New Hampshire v. Barr

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Justia Opinion Summary

Defendant Timothy Barr was convicted by jury on two counts of manufacturing, and one count of possessing, child sexual abuse images. He argued that: (1) RSA chapter 649-A (2016 & Supp. 2018), as applied, violated his right to the freedom of speech guaranteed under the First Amendment to the United States Constitution and Part I, Article 22 of the New Hampshire Constitution because the images underlying his convictions depict legal sexual conduct; and (2) the trial court erred by denying his request to cross-examine the minor depicted in the images about her prior sexual history. The New Hampshire Supreme Court affirmed because child pornography depicting an actual child remained a category of speech unprotected by the First Amendment, and the trial court’s decision to deny the defendant’s cross-examination request was not an unsustainable exercise of discretion.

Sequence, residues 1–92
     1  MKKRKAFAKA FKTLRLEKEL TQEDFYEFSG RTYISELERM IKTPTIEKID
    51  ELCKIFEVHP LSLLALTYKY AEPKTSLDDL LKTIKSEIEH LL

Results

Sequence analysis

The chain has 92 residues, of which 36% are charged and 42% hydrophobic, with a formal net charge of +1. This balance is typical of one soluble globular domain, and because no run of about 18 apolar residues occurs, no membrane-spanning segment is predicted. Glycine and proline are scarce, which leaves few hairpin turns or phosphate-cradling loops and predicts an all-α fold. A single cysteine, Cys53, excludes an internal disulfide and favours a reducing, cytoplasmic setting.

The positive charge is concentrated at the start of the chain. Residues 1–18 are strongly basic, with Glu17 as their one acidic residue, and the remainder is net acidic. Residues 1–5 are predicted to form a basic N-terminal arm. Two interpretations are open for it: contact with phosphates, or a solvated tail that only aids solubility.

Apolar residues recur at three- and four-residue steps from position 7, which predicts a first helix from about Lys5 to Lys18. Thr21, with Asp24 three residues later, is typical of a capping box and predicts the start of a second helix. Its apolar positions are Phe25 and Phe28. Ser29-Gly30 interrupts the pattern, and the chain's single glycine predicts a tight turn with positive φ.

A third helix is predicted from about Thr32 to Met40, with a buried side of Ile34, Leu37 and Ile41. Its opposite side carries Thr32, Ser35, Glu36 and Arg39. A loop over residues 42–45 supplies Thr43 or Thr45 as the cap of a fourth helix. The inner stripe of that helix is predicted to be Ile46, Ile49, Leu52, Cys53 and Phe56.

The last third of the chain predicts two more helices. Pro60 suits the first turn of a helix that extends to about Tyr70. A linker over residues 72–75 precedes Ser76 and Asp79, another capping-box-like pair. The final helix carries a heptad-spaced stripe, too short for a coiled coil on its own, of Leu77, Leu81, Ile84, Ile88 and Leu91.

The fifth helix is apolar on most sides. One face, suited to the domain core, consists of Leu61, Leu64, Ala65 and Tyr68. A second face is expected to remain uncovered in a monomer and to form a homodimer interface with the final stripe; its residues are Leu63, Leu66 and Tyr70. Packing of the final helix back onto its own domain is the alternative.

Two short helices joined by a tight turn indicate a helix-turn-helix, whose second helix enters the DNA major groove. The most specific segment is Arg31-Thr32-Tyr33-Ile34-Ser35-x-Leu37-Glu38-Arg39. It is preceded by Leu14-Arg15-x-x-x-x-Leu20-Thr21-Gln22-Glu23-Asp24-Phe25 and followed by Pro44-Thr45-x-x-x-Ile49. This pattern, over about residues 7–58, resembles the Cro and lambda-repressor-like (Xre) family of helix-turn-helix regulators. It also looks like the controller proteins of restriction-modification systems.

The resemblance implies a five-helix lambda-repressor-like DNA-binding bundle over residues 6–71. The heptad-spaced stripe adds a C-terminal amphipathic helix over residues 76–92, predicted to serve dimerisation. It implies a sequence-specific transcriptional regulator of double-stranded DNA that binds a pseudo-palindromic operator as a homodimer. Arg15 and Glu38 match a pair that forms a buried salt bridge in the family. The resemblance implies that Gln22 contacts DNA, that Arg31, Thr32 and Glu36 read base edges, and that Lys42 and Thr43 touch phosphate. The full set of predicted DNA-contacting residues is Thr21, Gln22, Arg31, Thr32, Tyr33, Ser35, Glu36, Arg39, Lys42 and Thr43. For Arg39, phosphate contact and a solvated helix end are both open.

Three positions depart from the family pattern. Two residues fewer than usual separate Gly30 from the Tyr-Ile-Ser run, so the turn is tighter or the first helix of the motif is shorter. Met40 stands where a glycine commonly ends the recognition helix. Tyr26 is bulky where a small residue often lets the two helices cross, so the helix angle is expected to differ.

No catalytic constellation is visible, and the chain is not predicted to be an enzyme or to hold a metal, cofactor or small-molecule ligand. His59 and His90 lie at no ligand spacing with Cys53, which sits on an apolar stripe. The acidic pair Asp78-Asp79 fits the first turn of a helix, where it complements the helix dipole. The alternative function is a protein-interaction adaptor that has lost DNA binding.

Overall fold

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NOTICE: This opinion is subject to motions for rehearing under Rule 22 as well as formal revision before publication in the New Hampshire Reports. Readers are requested to notify the Reporter, Supreme Court of New Hampshire, One Charles Doe Drive, Concord, New Hampshire 03301, of any editorial errors in order that corrections may be made before the opinion goes to press. Errors may be reported by e-mail at the following address: reporter@courts.state.nh.us. Opinions are available on the Internet by 9:00 a.m. on the morning of their release. The direct address of the court’s home page is: http://www.courts.state.nh.us/supreme. THE SUPREME COURT OF NEW HAMPSHIRE ___________________________ Carroll No. 2018-0464 THE STATE OF NEW HAMPSHIRE v. TIMOTHY BARR Argued: October 10, 2019 Opinion Issued: November 22, 2019 Gordon J. MacDonald, attorney general (Elizabeth A. Lahey, assistant attorney general, on the brief, and Susan P. McGinnis, senior assistant attorney general, orally), for the State. Thomas Barnard, senior assistant appellate defender, of Concord, on the brief and orally, for the defendant. DONOVAN, J. The defendant, Timothy Barr, appeals his convictions, following a jury trial in the Superior Court (Ignatius, J.), of two counts of manufacturing, and one count of possessing, child sexual abuse images. See RSA 649-A:3, :3-b (2016). He argues that: (1) RSA chapter 649-A (2016 & Supp. 2018), as applied, violates his right to the freedom of speech guaranteed under the First Amendment to the United States Constitution and Part I, Article 22 of the New Hampshire Constitution because the images underlying his convictions depict legal sexual conduct; and (2) the trial court erred by denying his request to cross-examine the minor depicted in the images about her prior sexual history. We affirm because child pornography depicting an actual child remains a category of speech that is unprotected by the First Amendment, and the trial court’s decision to deny the defendant’s crossexamination request was not an unsustainable exercise of discretion. I. Facts The jury could have found the following facts. The defendant and a 16year-old minor were engaged in a consensual sexual relationship.1 The defendant took multiple photographs and one video of the minor performing fellatio on him. The minor also sent the defendant a sexually explicit photograph and video of herself. In July 2017, the minor’s parents discovered that she was talking with an older man, found photographs that she was sending the defendant, and called the police. During their investigation, police found sexually explicit photographs and videos of the minor stored on the defendant’s phone and in an online conversation between him and the minor. The police found no evidence that the defendant distributed the photographs or videos to anyone. Based upon this evidence, the State charged the defendant with nine counts of manufacturing, and two counts of possessing, child sexual abuse images. During opening statements at trial, the State characterized the minor as “unsure of how to act, so [the defendant] made sure to tell her where and how to stand, what to wear, how to [perform fellatio], actions that were unnatural to [the minor] who was nearly half his age.” Following opening statements, the defendant requested that the trial court permit him to question the minor regarding her prior sexual history, arguing that the State opened the door to such evidence by commenting that the act of fellatio was “unnatural” to the minor. Specifically, the defendant proffered that, in an interview with the child advocacy center, the minor stated that she had two prior sexual relationships and had previously photographed her sexual activity. The defendant requested permission to cross-examine the minor about these statements. The State countered that it used “unnatural” because, “[i]f this were a natural thing [the minor] would do,” the defendant would not have had to instruct her. The defendant responded that the word “unnatural” “carries the intimation that this is the first time she’s ever done it.” 1 Under our laws, a 16-year-old may consent to sexual intercourse. See RSA 632-A:3, II (Supp. 2018) (categorizing as a class B felony engaging “in sexual penetration with a person” who is under 16 years of age, in certain circumstances); RSA 632-A:4, I (b), (c) (Supp. 2018) (categorizing as a class A misdemeanor subjecting an individual under 16 years of age to sexual contact or engaging in sexual penetration with an individual under 16 years of age in certain circumstances); State v. Holmes, 154 N.H. 723, 728 (2007). 2 The trial court acknowledged that “unnatural” “is kind of a loaded word and in retrospect it probably would have been better to say it differently,” but concluded that providing the defendant the opportunity to cross-examine the minor about her prior sexual history was a “significant [] step” that was unnecessary given the comment. The trial court therefore denied the defendant’s request to allow him to cross-examine the minor about her prior sexual history or prior photographic documentation of that sexual history.2 At the close of the State’s case, the defendant moved to dismiss the indictment or, in the alternative, for a directed verdict of acquittal, arguing that RSA 649-A:3 and :3-b were unconstitutional as applied to him because they violated his right to the freedom of speech guaranteed under the Federal and State Constitutions. He argued that because the sexual conduct depicted in the photographs and videos was lawful, and because he did not distribute them, they did not constitute child pornography under First Amendment case law and he thus had a right to manufacture and possess them. The trial court denied the defendant’s motion, concluding that, because the photographs and videos depict an actual child engaging in sexual conduct, the statute was constitutional as applied. However, the trial court granted the defendant’s request for a jury nullification instruction upon finding that the Child Sexual Abuse Images statute’s statement of purpose describing the intent to proscribe the exploitation of “children under the age of 16,” RSA 649-A:1, II (2016), is internally inconsistent with the statute’s definition of a child as “any person under the age of 18 years,” RSA 649-A:2, I (2016). 3 Nonetheless, the jury found the defendant guilty of two counts of manufacturing child sexual abuse images, with respect to the video and one photograph of the minor performing fellatio, and one count of possessing child sexual abuse images, with respect to the sexually explicit video of the minor. This appeal followed. 2 We note that, although the trial court denied the defendant’s request to cross-examine the minor about these specific statements, the minor testified that she occasionally took photographs of her sexual intercourse with the defendant and later deleted them, agreed with the statement that it was not a big deal to take the photographs, and testified that the defendant was “one of my . . . players . . . to sleep with.” 3 The Child Sexual Abuse Images statute’s statement of purpose discusses the exploitation of children through commercial networks, and declares “this chapter makes the dissemination of visual representations of children under the age of 16 engaged in sexual activity illegal . . . .” RSA 649-A:1, II. Before 2009, the statute defined “[c]hild” as “any person under the age of 16.” RSA 649-A:2, I (2007) (repealed 2009). However, the definitions portion of the statute was re-enacted in 2009 to define a child as “any person under the age of 18 years.” RSA 649-A:2, I; Laws 2008, 323:1. The legislature is free to define a child as a person under the age of 18 for child pornography purposes. See New York v. Ferber, 458 U.S. 747, 764 & n.17 (1982). However, we note that it may wish to address this statutory inconsistency. The judge instructed the jury: “Even if you find that the State has proven each and every element of the offense charged beyond a reasonable doubt you may still find the Defendant not guilty if you have a conscientious feeling that a not guilty verdict would be a fair and just result in this case.” 3 II. Analysis A. As-Applied First Amendment Challenge The defendant first argues that, as applied to his conduct, RSA chapter 649-A is unconstitutional under the First Amendment to the United States Constitution and Part I, Article 22 of the New Hampshire Constitution. As an initial matter, the State contends that the defendant’s claim under the State Constitution is waived because it is insufficiently briefed. Our policy of deciding issues under the State Constitution before turning to the Federal Constitution is well-established. See State v. Ball, 124 N.H. 226, 232 (1983). However, off-hand invocations of the State Constitution that are supported by neither argument nor authority warrant no consideration. See Sumner v. N.H. Sec’y of State, 168 N.H. 667, 672 (2016) (citing Keenan v. Fearon, 130 N.H. 494, 499 (1988)). Aside from one case noting that the State Constitution provides at least as much protection as the Federal Constitution, the defendant cites no authority interpreting, and makes no substantive argument regarding, Part I, Article 22 of the State Constitution in support of his contention that his convictions contravene the preservation of free speech contained therein.4 This argument is therefore insufficiently presented for our consideration, and we consider it waived. See Keenan, 130 N.H. at 499. We proceed to his First Amendment claim, which we review de novo. State v. Zidel, 156 N.H. 684, 686 (2008). RSA 649-A:3-b, I, criminalizes the manufacture of child sexual abuse images and in relevant part states, “No person shall knowingly create, produce, manufacture, or direct a visual representation of a child engaging in or being engaged in sexually explicit conduct, or participate in that portion of such visual representation that consists of a child engaging in or being engaged in sexually explicit conduct.” RSA 649-A:3, I(a) criminalizes the possession of child sexual abuse images and in relevant part states, “No person shall knowingly . . . [b]uy, procure, possess, or control any visual representation of a child engaging in sexually explicit conduct . . . .” The statute defines “[c]hild” as “any person under the age of 18 years.” RSA 649-A:2, I. The First Amendment, applicable to the states through the Fourteenth Amendment, “prohibits laws that abridge the freedom of speech.” NIFLA v. Becerra, 138 S. Ct. 2361, 2371 (2018). “As a general matter, the First Amendment means that government has no power to restrict expression because of its message, its ideas, its subject matter, or its content.” Ashcroft v. 4 The only New Hampshire case that the defendant cites in support of his substantive free speech argument is State v. Zidel, which was decided entirely on First Amendment grounds. Zidel, 156 N.H. 684, 686 (2008) (“[B]ecause we are required to follow federal constitutional law, an analysis under the State Constitution is unnecessary. We therefore decide this case under the First and Fourteenth Amendments to the Federal Constitution.”). 4 American Civil Liberties Union, 535 U.S. 564, 573 (2002) (brackets and quotation omitted). The protection of speech afforded by the First Amendment extends to “the right to receive information and ideas.” Stanley v. Georgia, 394 U.S. 557, 564 (1969). There are, however, certain categories of speech which historically have been unprotected by the First Amendment. Brown v. Entertainment Merchants Assn., 564 U.S. 786, 791 (2011) (listing obscenity, incitement, and fighting words as examples of such categories). In New York v. Ferber, 458 U.S. 747, 756, 764 (1982), the United States Supreme Court held that child pornography is such a category of speech, largely unprotected by the First Amendment. See Zidel, 156 N.H. at 687-88 (explaining how Ferber established this categorical exception); see also Rodney A. Smolla, 2 Smolla and Nimmer on Freedom of Speech § 14:50 (2019) (“The Supreme Court has . . . ruled that the use of children as subjects in the depiction of pornography, as well as possession of such pornography, falls outside First Amendment protection.”). The defendant’s central thesis is that images depicting a lawful sexual relationship with a child are protected by the First Amendment. We disagree. We canvassed the United States Supreme Court cases developing and refining the definition of material that is considered child pornography and thus unprotected by the First Amendment in Zidel, 156 N.H. at 687-92, and it is unnecessary to recount that history at length here. The Court in Ferber, 458 U.S. at 757, 765, held that the “the production and distribution” of child pornography is unprotected by the First Amendment for several reasons, chief among them that “[t]he prevention of sexual exploitation and abuse of children constitutes a government objective of surpassing importance.” “When a definable class of material . . . bears so heavily and pervasively on the welfare of children engaged in its production, we think . . . that it is permissible to consider these materials as without the protection of the First Amendment.” Id. at 764.5 In Osborne v. Ohio, 495 U.S. 103, 109-11 (1990), the Court again cited the interest in “protecting the victims of child pornography” in holding that states may criminalize the possession and viewing of child pornography without offending the First Amendment. The Court then, in Ashcroft v. Free Speech Coalition, 535 U.S. 234, 239, 256 (2002), limited the scope of material that is unprotected by the First Amendment, holding that a statute criminalizing the possession or distribution of “sexually explicit images that appear to depict minors but were produced without using any real children” was unconstitutionally overbroad. That statute prohibited speech which, “[i]n contrast to the speech in Ferber, . . . records no crime and creates no victims 5 The Court in Ferber was aware of interstate differences in defining the age at which individuals are considered children for child pornography purposes. See Ferber, 458 U.S. at 764 n.17. Some states set the age of majority at 18, some at 16, and others at various points in-between. Id. 5 by its production.” Id. at 250. “Where the images are themselves the product of child sexual abuse,” however, “Ferber recognized that the State had an interest in stamping it out without regard to any judgment about its content.” Id. at 249. After reviewing this trilogy of cases, we concluded in Zidel that RSA 649A:3 (2007) was unconstitutional as applied to “the possession of materials depicting heads and necks of identifiable minor females superimposed upon naked female bodies, where the naked bodies do not depict body parts of actual children engaging in sexual activity,” in part because its application did not further the protection of the “‘physical and psychological health of a minor.’” Zidel, 156 N.H. at 693, 696 (quoting Ferber, 458 U.S. at 756-57). The images at issue in Zidel were protected by the First Amendment because they were not made with actual children and not distributed, and thus did not result in harm to any child. Id. at 693. The defendant argues that Ashcroft and Zidel suggest that child pornography is not a “free-standing exception to [] First Amendment” protection, but “a specific application of a more general exception for speech that is closely connected with an illegal act.” He contends that this suggestion was driven home by the United States Supreme Court in United States v. Stevens, 559 U.S. 460 (2010), decided after Zidel. Before turning to Stevens, we pause to note that child pornography made with actual children is considered an independent category of speech unprotected by the First Amendment by myriad federal appellate courts in decisions issued after Stevens. See United States v. Hotaling, 634 F.3d 725, 728 (2d Cir. 2011) (“[I]t is settled law that child pornography is not protected expressive speech under the First Amendment.”); Free Speech Coalition, Inc. v. Attorney General of U.S., 677 F.3d 519, 533 n.9 (3d Cir. 2012) (“It is longsettled that child pornography depicting actual children is not protected under the First Amendment.”); United States v. Moreland, 665 F.3d 137, 140 (5th Cir. 2011) (“Child pornography is not protected by the First Amendment because the State has a compelling interest in safeguarding the well-being of minors.” (quotation omitted)); Doe v. Boland, 698 F.3d 877, 883 (6th Cir. 2012) (listing child pornography as a category of speech unprotected by the First Amendment); United States v. Fletcher, 634 F.3d 395, 402 (7th Cir. 2011) (“[C]hild pornography is unprotected by the First Amendment . . . .”); United States v. Anderson, 759 F.3d 891, 894 (8th Cir. 2014) (“[T]he Supreme Court [has] recognized child pornography as one . . . category of material . . . not entitled to First Amendment protection.” (quotation omitted)); United States v. Laursen, 847 F.3d 1026, 1034 (9th Cir. 2017) (“[T]he Supreme Court has made it crystal clear that child pornography is not constitutionally protected.”); United States v. Brune, 767 F.3d 1009, 1018 (10th Cir. 2014) (“The Supreme Court has upheld laws that criminalize the production and distribution of child pornography.”); United States v. Dean, 635 F.3d 1200, 1204 (11th Cir. 2011) 6 (“[C]hild pornography is not protected by the First Amendment because it is produced using actual minors . . . .”); see also United States v. Alvarez, 567 U.S. 709, 717-18 (2012) (plurality opinion) (listing child pornography as a category of speech with “a historical foundation in the Court’s free speech tradition” that is unprotected by the First Amendment). In Stevens, 559 U.S. at 464-65, 482, the Court held unconstitutional under the First Amendment a statute criminalizing the creation, sale, or possession of a depiction of animal cruelty when such conduct is intended for commercial gain in interstate or foreign commerce. The Supreme Court declined the government’s invitation to hold that speech depicting animal cruelty is categorically unprotected by the First Amendment. Id. at 472. Relying, in part, upon language from the Ferber decision, the government proposed a “simple balancing test” between the value of speech and its societal costs to determine categories of speech that are unprotected by the First Amendment. Id. at 470. The Supreme Court rejected such a test as “startling and dangerous” and noted that the Court’s classification of “categories of speech as fully outside the protection of the First Amendment” did not rest “on the basis of a simple cost-benefit analysis.” Id. at 470-71. The Court explained that its reasoning in Ferber rested, in part, upon the balance between the “compelling interest in protecting children from abuse, and that the value of using children in these works . . . was de minimis.” Id. at 471. But its decision “did not rest on this balance of competing interests alone.” Id. (quotation omitted). Rather, Ferber was also grounded in a “previously recognized, long-established category of unprotected speech”; that is, speech which is ‘“used as an integral part of conduct in violation of a valid criminal statute.’” Id. (quoting Ferber, 458 U.S. at 761-62). The defendant interprets this language in Stevens as supporting his contention that the speech at issue must bear a close causal connection to criminal activity to be categorically unprotected by the First Amendment because it is child pornography. On this point, we agree. See Stevens, 559 U.S. at 471; Zidel, 156 N.H. at 693. The criminal activity underlying child pornography is “the production of such materials, an activity illegal throughout the Nation.” Stevens, 559 U.S. at 471 (quotation omitted); see Free Speech Coalition, 535 U.S. at 254 (“In the case of the material covered by Ferber, the creation of the speech is itself the crime of child abuse . . . .”). As the Eighth Circuit Court of Appeals recently explained, “[w]hen the Court spoke of speech used as an integral part of conduct in violation of a ‘valid criminal statute,’ it was referring to statutes forbidding the production of child pornography.” United States v. Rouse, 936 F.3d 849, 851-52 (8th Cir. 2019); see Anderson, 759 F.3d at 894 (explaining that Stevens noted that Ferber held child pornography was categorically unprotected “because it involved visual depictions that were produced through sexual abuse of one or more children”). The defendant argues, however, that the “images at issue here depict[] lawful consensual activity” and were not distributed and thus were not “an integral 7 part of conduct in violation of a valid criminal statute.” This argument miscomprehends Ferber, as explained by Stevens. See Rouse, 936 F.3d at 851-52. In Rouse, the Eighth Circuit considered, and rejected, the defendant’s argument here on facts nearly identical to those now before us. See Rouse, 936 F.3d at 850-52. There, the court considered the constitutionality, under the First Amendment, of a defendant’s indictment on child pornography charges stemming from videos he took of his consensual sexual activity with a 16-year-old minor. Id. at 850-51. The defendant did not send the videos to anyone but the minor, and their sexual relationship was legal. Id. at 850, 851. He argued that Stevens only placed child pornography “outside the scope of the First Amendment . . . if it is integral to a violation of a separate statute that criminalizes sexual abuse of a minor.” Id. at 851. According to Rouse, the images were protected by the First Amendment because the minor “had reached the age of consent . . . , and consented to engage in sexual activity with [him], the government alleges no crime or sexual abuse other than the production and distribution of child pornography.” Id. The Eighth Circuit disagreed, concluding that the crime underlying the child pornography exception is “the unlawful production of the images themselves.” Id. at 852 (citing Stevens, 559 U.S. at 471). Because the defendant’s actions were “intrinsically related to the unlawful production of” the images, they were “categorically unprotected under the First Amendment,” “even if the sexual activity [was] legal . . . .”6 Id. We agree with the Eighth Circuit that Stevens did not disturb the Supreme Court’s previous holdings that producing and possessing images of an actual child engaged in sexual activity are unprotected by the First Amendment, regardless of whether the underlying sexual activity was legal.7 See Osborne, 495 U.S. at 111; Ferber, 458 U.S. at 765; Rouse, 936 F.3d at 852. The criminal conduct underlying child pornography is not statutory rape, 6 The defendant in Rouse, 936 F.3d at 850, was charged with distributing child pornography, while the defendant here argues that the fact that he did not distribute the images weighs in favor of finding his conviction unconstitutional. He posits that “[f]or [the minor] and [him], the images here were not ‘pornography’; they were a chronicle of their own lawful, intimate relationship.” The defendant in Rouse, however, only distributed the images to the 16-year-old herself, and thus the circumstances are substantially similar to those here. See Rouse, 936 F.3d at 850. We thus do not apprehend that difference as a basis for distinguishing Rouse. 7 We note that Stevens was not a case concerning child pornography. See Stevens, 559 U.S. at 464-65. The Supreme Court discussed child pornography in Stevens as a means of explaining why it would not find that images depicting animal abuse are unprotected speech. See id. at 47072. We are hesitant to reconceptualize the First Amendment child pornography doctrine based upon a case in which the issue was not presented. See Central Va. Community College v. Katz, 546 U.S. 356, 363 (2006) (“[W]e are not bound to follow our dicta in a prior case in which the point now at issue was not fully debated.”). 8 but recording a child engaged in sexual conduct. See Stevens, 559 U.S. at 471. Furthermore, the images need not be distributed to implicate that criminal conduct. See Osborne, 495 U.S. at 109-10; Ferber, 458 U.S. at 764. When determining whether an image is unprotected by the First Amendment, “[t]he underlying inquiry is whether [it] implicates the interests of an actual minor.” Hotaling, 634 F.3d at 729; see Ferber, 458 U.S. at 764-65 (noting that depictions of sexual conduct that “do not involve live performance” of children “below a specified age” retain First Amendment protection). The defendant’s actions at issue here were intrinsically related to the production of child pornography with an actual child, implicating her interests, and thus the defendant’s conduct falls outside the scope of First Amendment protection.8 See Rouse, 936 F.3d at 852. Furthermore, the minor’s interests were affected by the production of the photograph and videos at issue here despite the fact that she was old enough to consent to the sexual activity and the defendant was not charged with distributing the photograph and videos. As we explained in Zidel, “the purpose of RSA 649-A:3 is to prevent harm to children resulting from their ‘use as subjects in sexual performances.’” Zidel, 156 N.H. at 693 (quoting RSA 649-A:1). Neither the harm described there, nor the harm articulated in Ferber, that “the use of children as subjects of pornographic materials is harmful to the physiological, emotional, and mental health of the child,” Ferber, 458 U.S. at 758, is not implicated merely because the underlying conduct, i.e. the sexual activity, is legal. Consenting to sexual intercourse and consenting to having that act memorialized, potentially forever, are decisions of different degrees, with corresponding consequences of different magnitudes. See Fletcher, 634 F.3d at 403 (commenting that the legislature “may legitimately conclude that even a willing or deceitful minor is entitled to governmental protection from self-destructive decisions that would expose him or her to the harms of child pornography” (quotation omitted)); see also Miller v. Alabama, 567 U.S. 460, 471 (2012) (recognizing that children have a “lack of maturity and an underdeveloped sense of responsibility, leading to recklessness, impulsivity, and heedless risk-taking” (quotation omitted)). Nor are those harms not implicated simply because the images are not distributed. See United States v. Ortiz-Graulau, 526 F.3d 16, 19 (1st Cir. 2008) (noting that “preventing exploitation of children could be aided by the [the federal child pornography] statute’s broad ban on taking such photographs even for private use”). Accordingly, we conclude that RSA 649-A:3 and :3-b are not unconstitutional as applied to the defendant. 8 We note that the defendant does not argue that the First Amendment applies differently to his manufacturing child sexual abuse images convictions than to his conviction for possession of such images. 9 B. “Opening the Door” in the State’s Opening Statement We next address the defendant’s argument that the trial court erred by denying his request to cross-examine the minor about her prior sexual history in response to the State’s opening statement. In its opening statement, the State made the following remarks: The Defendant, the adult, used [the minor]. He directed her to obtain images and videos of a sexually explicit nature. She was unsure of how to act, so he made sure to tell her where and how to stand, what to wear, how to [perform fellatio], actions that were unnatural to [the minor] who was nearly half his age. (Emphasis added.) The defendant maintains that the State’s use of the word “unnatural” opened the door to admit evidence about the minor’s prior sexual history and experience taking sexual photographs, because the State intimated that the minor was sexually inexperienced when she was not, and therefore may have improperly biased the jury against him. We review a trial court’s decision regarding the admissibility of evidence under the opening the door doctrine pursuant to the unsustainable exercise of discretion standard. See State v. DePaula, 170 N.H. 139, 146 (2017). To prevail, the defendant must show that the trial court’s ruling was clearly untenable or unreasonable to the prejudice of his case. State v. Plantamuro, 171 N.H. 253, 255 (2018). If the record establishes that a reasonable person could have reached the same decision as the trial court on the basis of the evidence before it, we will uphold the trial court’s decision. Id. The State argues that the defendant has not preserved this claim because he did not argue to the trial court that the State’s use of the word “unnatural” was prejudicial. To preserve an argument that the trial court erroneously excluded evidence at trial, a party generally must make an offer of proof that apprises the trial court of the specific nature of the evidence and why it is admissible. Id. at 259. The defendant met this threshold, by proffering the specific statements about which he sought to cross-examine the minor and by arguing that the State’s comment rendered admissible, or opened the door to, this evidence to correct the misimpression that the comment may have created. Accordingly, we reject the State’s preservation argument. Remarks in opening statements may trigger the “opening the door” doctrine. See State v. Nightingale, 160 N.H. 569, 579 (2010). That doctrine itself subsumes two distinct doctrines, the “curative admissibility” and the “specific contradiction” doctrines. DePaula, 170 N.H. at 146. The curative admissibility doctrine applies when inadmissible, prejudicial evidence has been erroneously admitted, and the party prejudiced by the admission seeks to introduce other evidence to counter the prejudice. Id. The specific 10 contradiction doctrine applies when a party introduces admissible evidence that creates a misleading advantage for that party, and the opposing party is then allowed to introduce previously suppressed or otherwise inadmissible evidence to counter the misleading advantage. Id. The defendant argues that, under either doctrine, the trial court erred by refusing his request to admit evidence of the minor’s prior sexual history and history of taking sexual photographs. We need not decide which doctrine applies here because the defendant has failed to show that the trial court’s exercise of discretion was unsustainable under either. The trial court found that the State used “unnatural” in reference to certain actions being unnatural, and impliedly found that the State did not represent the minor as “a sexual innocent.” The trial court therefore concluded that admitting evidence of the minor’s prior sexual history was unwarranted. The trial court’s conclusion that the State used “unnatural” to describe a specific instance of fellatio and did not represent the minor as a sexual innocent was reasonable because in that instance the defendant apparently instructed the minor on how to perform the act. In light of this reasonable determination, the “unnatural” comment did not warrant admission of the minor’s prior sexual history because it did not create the presumption that she had never engaged in sexual activity before, only that she was not performing fellatio as the defendant preferred in that instance. Therefore, the comment created neither prejudice, as required by the curative admissibility doctrine, nor a misleading advantage, as required by the specific contradiction doctrine. One additional matter bears brief discussion. Since drawing the distinction between the curative admissibility and specific contradiction doctrines, our jurisprudence on this topic has applied only the specific contradiction doctrine, not the curative admissibility doctrine. See, e.g., DePaula, 170 N.H. at 146; State v. Mazzaglia, 169 N.H. 489, 495 (2016); State v. Gaudet, 166 N.H. 390, 396 (2014); Nightingale, 160 N.H. at 579; State v. Wamala, 158 N.H. 583, 589 (2009); State v. White, 155 N.H. 119, 124 (2007); see also State v. Morrill, 154 N.H. 547, 549-50 (2006) (drawing the distinction between the two but applying neither). Here, the defendant at trial invoked only the opening the door doctrine, but focuses his argument on appeal on the curative admissibility doctrine. We therefore take the opportunity to reaffirm what we stated in Morrill: “To prevent confusion that might arise from the use of the term, when a party uses the term ‘opening the door’ or its equivalent as justifying the admission of otherwise inadmissible evidence, the party should make clear which of the above doctrines is being invoked.” Morrill, 154 N.H. at 550. Under the curative admissibility doctrine, “a trial judge has discretion to admit otherwise inadmissible evidence in order to rebut prejudicial evidence that has already been erroneously admitted.” Id. at 549. Under the specific contradiction doctrine, a trial judge has discretion to admit “previously 11 suppressed or otherwise inadmissible evidence to directly counter the misleading advantage” triggered by the introduction of admissible evidence. Id. at 550. “Identifying the particular doctrine will permit more focused discussions between litigants and judges and will prevent further erosion of the unique requirements of each doctrine.” Id. III. Conclusion For the reasons stated above, we affirm the defendant’s convictions for manufacturing and possession of child sexual abuse images. We consider as waived any arguments raised in the defendant’s notice of appeal, but not briefed. State v. Fiske, 170 N.H. 279, 292 (2017). Affirmed. HICKS, BASSETT, and HANTZ MARCONI, JJ., concurred. 12